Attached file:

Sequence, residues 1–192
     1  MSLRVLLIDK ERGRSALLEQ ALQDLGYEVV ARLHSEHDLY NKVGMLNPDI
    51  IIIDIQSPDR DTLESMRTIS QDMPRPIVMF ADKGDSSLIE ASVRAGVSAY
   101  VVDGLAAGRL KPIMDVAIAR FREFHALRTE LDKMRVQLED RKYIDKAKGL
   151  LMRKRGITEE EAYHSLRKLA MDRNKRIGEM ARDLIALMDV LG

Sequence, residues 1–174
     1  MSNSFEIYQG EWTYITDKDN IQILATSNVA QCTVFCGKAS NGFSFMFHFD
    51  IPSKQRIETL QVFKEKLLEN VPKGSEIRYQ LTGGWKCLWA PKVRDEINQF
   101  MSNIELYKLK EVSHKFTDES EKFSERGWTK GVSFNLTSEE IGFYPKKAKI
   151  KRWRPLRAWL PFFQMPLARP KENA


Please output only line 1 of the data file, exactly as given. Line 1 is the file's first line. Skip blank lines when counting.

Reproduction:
Sequence, residues 1–192